Why Does Godzilla Continue To Fascinate Us?
It's coming on 60 years now that Godzilla and friends have been stomping their way through our fictional cities. Just what is it about this group of kaiju that keeps us coming back? We have a few theories.
As new details about the upcoming Godzillaflick continue to spool out, a question came up: What is it about everyone's favorite radioactive lizard-dragon, armed with little more than a disdain for skyscrapers and ambivalent feelings about moths, that has him planted so firmly in our imaginations?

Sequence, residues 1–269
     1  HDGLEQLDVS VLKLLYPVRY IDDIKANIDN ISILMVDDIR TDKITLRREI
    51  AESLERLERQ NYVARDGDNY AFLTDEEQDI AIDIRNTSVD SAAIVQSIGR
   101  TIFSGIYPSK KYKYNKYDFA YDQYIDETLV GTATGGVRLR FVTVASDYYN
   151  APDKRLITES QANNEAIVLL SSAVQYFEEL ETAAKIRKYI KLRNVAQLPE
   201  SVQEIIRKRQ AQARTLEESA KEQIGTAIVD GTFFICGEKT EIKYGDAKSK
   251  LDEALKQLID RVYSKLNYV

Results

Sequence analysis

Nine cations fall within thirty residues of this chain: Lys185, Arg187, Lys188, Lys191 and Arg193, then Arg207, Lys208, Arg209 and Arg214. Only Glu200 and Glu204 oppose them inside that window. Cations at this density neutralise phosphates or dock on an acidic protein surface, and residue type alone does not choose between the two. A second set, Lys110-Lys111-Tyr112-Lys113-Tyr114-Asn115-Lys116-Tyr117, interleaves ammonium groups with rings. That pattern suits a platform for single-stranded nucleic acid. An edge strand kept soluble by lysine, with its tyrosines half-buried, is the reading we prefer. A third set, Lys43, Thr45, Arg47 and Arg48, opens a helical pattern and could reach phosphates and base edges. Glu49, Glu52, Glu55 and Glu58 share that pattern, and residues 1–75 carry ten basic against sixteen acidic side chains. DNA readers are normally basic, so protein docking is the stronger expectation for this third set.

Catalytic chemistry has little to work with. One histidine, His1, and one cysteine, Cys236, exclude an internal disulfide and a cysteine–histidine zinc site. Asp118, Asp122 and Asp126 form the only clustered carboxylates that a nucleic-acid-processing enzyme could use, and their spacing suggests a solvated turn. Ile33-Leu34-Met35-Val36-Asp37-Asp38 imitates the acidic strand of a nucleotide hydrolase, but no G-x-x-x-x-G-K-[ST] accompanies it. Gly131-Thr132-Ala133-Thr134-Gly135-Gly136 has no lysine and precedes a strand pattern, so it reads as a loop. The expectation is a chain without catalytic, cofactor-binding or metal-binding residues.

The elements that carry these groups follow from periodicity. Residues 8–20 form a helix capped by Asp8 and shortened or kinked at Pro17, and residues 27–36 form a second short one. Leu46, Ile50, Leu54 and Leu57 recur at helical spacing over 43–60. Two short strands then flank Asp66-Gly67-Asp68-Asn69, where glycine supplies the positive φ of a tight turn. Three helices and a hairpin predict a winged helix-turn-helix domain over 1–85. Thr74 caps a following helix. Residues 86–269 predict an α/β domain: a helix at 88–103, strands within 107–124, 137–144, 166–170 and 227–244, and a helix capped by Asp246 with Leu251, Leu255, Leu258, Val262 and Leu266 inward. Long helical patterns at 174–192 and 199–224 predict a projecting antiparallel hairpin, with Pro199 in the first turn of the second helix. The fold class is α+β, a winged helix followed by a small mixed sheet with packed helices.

I'd watch the original 1954 film (uncut and subtitled if possible) and read up on some of the literature on it. That film really had a seismic impact on Japanese pop culture, as it resonated with 50s anxieties about the atomic bomb combined with the trauma of World War II, bundled up with the imagery of giant monsters from mythology (dragons, etc.). Somewhat less so for U.S. audiences, but there were definitely people thrilled by it. And though the series devolved into silly grudge-match adventures with other fantastic monsters (though, I love them all IMHO), occasionally they had moments that really captured the best of what a film monster could be: a giant, unstoppable force of nature that is terrifying but also misunderstood and just a bit sad.